When communicating information to your team members, the first item should obviously be the team's duties and how they ought to be performed. Whether this is deck-checking, handling and posting paper, or backing up those teams who have tasks that temporarily overburden them at some point in a round, this is the first essential point of information for you to convey. Your experience and that of your team members and the players in the event will be most impacted by this singular component.

After making sure that your team is all clear about their specific duties, then you must set expectations for their performance. Some tasks require the entire team to work as a coordinated whole. Others require only one or two members to be on task at a specific time. In any of these instances, you must delegate responsibilities in such a way that allows each member an equal share in the task. This does not necessarily mean that each team member will do each task an equal number of times. It does mean that each team member ought to be valued as a contributing member such that the overall duties of the team could not have been accomplished as well if they were not contributing their part.

Delegating duties to your team members in order to achieve this is not always easy. In some cases, you may have members that have never undertaken a particular task and can best serve by observing you or another member of your team at it. That member may then be given an opportunity at the task under supervision. In other cases, a task may be so well understood by all of your team members that no mentoring of any kind is reasonably required. If so, then you have the happy task of simply ensuring that each member gets an even shot at undertaking the task. Finally, you may have team members that are simply not suited for certain tasks. Perhaps you have a member who is too short to reach the postings board or is unable to alphabetize decklists due to a handicap or other challenge. In these instances, you must either find a means of accommodating this member in a way that allows him or her to serve or to request permission from the head judge to transfer that member to a team more suited to the abilities of that member.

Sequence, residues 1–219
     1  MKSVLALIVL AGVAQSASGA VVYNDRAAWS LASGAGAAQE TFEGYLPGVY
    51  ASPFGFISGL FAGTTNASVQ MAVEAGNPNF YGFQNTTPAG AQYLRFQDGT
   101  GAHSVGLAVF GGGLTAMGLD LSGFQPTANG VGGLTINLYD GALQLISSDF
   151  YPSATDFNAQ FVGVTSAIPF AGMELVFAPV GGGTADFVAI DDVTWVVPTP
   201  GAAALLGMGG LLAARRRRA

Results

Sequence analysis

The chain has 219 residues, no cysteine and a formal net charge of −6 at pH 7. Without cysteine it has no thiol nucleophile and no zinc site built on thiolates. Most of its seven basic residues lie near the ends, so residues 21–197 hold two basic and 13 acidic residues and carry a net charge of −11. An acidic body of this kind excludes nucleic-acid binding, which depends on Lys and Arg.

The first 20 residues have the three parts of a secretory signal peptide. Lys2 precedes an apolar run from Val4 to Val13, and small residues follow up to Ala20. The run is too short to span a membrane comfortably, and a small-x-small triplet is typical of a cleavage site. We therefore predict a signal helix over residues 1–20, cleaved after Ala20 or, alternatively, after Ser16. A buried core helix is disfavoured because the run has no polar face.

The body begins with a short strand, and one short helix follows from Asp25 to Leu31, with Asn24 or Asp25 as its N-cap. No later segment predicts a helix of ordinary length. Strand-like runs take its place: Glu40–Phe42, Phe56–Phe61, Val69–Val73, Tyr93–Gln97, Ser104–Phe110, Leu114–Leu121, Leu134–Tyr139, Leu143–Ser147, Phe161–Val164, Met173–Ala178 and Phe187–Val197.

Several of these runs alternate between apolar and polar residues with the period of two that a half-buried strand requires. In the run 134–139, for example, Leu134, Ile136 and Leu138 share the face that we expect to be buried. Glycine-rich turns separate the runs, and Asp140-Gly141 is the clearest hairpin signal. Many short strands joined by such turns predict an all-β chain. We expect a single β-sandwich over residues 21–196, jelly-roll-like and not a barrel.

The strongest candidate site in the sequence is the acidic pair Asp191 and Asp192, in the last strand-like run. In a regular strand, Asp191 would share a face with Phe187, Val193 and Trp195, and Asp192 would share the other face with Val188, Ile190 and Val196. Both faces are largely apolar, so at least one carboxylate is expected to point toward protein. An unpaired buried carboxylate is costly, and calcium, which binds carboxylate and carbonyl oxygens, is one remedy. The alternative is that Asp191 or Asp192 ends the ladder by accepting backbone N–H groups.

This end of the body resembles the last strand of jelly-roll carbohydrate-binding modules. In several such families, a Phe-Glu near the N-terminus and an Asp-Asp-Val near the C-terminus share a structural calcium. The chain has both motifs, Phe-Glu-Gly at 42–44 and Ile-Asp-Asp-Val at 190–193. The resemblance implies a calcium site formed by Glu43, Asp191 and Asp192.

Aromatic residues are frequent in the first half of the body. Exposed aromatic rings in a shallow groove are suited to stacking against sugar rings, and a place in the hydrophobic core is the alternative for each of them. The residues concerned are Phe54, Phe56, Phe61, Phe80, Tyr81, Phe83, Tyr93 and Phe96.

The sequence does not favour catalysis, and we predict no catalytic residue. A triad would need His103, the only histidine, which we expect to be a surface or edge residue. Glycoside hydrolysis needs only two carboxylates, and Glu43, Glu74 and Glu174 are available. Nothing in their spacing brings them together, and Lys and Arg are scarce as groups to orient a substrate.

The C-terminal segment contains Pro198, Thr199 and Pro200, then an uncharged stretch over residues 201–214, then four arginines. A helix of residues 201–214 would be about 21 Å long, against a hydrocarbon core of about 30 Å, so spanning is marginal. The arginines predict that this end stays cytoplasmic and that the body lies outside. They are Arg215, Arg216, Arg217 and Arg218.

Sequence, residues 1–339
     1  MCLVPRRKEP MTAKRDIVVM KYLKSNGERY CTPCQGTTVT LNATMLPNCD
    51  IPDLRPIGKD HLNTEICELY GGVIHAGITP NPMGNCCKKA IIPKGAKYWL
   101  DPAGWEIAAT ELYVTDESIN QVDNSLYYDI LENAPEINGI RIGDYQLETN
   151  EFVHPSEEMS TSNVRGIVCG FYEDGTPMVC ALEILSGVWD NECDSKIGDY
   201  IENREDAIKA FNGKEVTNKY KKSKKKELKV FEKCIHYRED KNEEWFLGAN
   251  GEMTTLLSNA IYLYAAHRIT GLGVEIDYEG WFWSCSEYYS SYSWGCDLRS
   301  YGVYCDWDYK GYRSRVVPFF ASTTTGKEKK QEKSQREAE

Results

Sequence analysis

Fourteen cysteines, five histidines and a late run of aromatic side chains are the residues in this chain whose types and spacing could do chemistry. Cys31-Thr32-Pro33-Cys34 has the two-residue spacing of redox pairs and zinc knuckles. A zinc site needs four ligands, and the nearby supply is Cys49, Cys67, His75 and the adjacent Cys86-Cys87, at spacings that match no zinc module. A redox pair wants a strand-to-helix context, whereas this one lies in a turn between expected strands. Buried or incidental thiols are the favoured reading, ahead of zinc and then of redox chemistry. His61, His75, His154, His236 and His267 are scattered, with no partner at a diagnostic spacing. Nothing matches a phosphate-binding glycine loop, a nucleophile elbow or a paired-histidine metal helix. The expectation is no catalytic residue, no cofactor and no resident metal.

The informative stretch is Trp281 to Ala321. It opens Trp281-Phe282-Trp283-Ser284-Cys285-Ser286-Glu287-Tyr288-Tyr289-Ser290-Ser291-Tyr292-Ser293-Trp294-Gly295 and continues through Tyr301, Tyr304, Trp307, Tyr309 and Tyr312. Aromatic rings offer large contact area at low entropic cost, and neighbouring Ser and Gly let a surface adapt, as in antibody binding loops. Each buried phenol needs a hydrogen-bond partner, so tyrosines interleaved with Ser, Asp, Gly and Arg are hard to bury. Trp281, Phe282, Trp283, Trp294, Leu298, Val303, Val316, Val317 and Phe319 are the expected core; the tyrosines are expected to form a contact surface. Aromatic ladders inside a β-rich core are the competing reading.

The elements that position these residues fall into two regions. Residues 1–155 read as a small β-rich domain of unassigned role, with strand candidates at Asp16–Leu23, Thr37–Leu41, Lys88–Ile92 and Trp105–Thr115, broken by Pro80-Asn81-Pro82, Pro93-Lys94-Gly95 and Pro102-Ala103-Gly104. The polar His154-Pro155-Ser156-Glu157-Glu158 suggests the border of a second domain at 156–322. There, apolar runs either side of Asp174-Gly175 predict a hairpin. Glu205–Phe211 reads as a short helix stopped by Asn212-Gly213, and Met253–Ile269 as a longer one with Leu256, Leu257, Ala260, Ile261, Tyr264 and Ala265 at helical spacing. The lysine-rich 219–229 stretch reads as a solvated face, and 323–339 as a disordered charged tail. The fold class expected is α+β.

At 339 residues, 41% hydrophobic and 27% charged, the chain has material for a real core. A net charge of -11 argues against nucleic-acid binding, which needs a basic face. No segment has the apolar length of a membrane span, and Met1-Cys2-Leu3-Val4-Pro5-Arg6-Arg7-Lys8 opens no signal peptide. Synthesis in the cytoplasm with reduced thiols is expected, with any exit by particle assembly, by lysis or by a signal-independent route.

Another challenge to delegating is deciding how much you will lead by example and how much by instruction. For this, you will have to consider three aspects: your head judge's expectations of you, your own personal style, and the expectations of your members. If your team is smaller or if your duties are particularly work-intensive, leading by example may be required simply by the logistics of the event. On the other hand, if you have a larger team or a less burdensome task to complete, you may step back and give your members more opportunity to act on their own under your watchful eye.

In any event where there are teams and team leaders, it is likely that you will be the primary person to whom your team members will look to for leadership. This means that you must be aware of their needs and excesses. Foremost of these are the breaks for meals and other needs. Depending on your head judge's expectations, you may be sending your members on breaks one or two at a time or your entire team may be excused for a round. When scheduling for breaks, it is important to bear in mind the expectations and personalities of your group. If your team is on a break as a whole, you may be tempted to use the time to meet together to get to know one another better. However, it is important to know that not all people are so gregariously inclined and may need the break to spend alone to refresh and relax. In contrast, if you are sending one or two members at a time on breaks, you may wish to be aware of their social needs and whether they would prefer to break with someone they wish to spend time with or to have the opportunity to have some solo time.

Along with the social components of coordinating breaks for your team, you may need to be aware of the individual needs or weaknesses of your members. Some folks are given to overworking themselves in a show of endurance and diligence. This may mean that they are not taking time to hydrate or eat or otherwise refresh themselves. Keep an eye on your members for signs of exhaustion or simply slowing down. A judge who wears himself or herself out will be less likely to be effective on the floor and at the tasks to which you've been assigned. In contrast, you may also have members who need more direction than average. Sometimes they are simply confused by the chaos of the larger event and need to have more specific direction. Other times, they have more specific social needs that require your acknowledgement either verbally or simply by being present to show that you are still aware of them. You should not have to baby-sit your team members, but it does not hurt to have these skills at hand when the need should arise.